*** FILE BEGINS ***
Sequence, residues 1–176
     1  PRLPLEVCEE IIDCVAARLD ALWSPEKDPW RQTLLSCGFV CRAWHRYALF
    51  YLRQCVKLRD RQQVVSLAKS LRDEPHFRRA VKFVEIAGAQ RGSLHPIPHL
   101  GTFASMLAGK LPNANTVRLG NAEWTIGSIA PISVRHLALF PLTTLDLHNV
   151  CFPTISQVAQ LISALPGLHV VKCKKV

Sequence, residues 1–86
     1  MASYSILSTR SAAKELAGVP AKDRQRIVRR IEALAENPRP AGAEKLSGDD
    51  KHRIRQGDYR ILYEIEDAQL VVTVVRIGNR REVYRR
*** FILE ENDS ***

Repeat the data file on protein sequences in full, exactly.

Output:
Sequence, residues 1–176
     1  PRLPLEVCEE IIDCVAARLD ALWSPEKDPW RQTLLSCGFV CRAWHRYALF
    51  YLRQCVKLRD RQQVVSLAKS LRDEPHFRRA VKFVEIAGAQ RGSLHPIPHL
   101  GTFASMLAGK LPNANTVRLG NAEWTIGSIA PISVRHLALF PLTTLDLHNV
   151  CFPTISQVAQ LISALPGLHV VKCKKV

Sequence, residues 1–86
     1  MASYSILSTR SAAKELAGVP AKDRQRIVRR IEALAENPRP AGAEKLSGDD
    51  KHRIRQGDYR ILYEIEDAQL VVTVVRIGNR REVYRR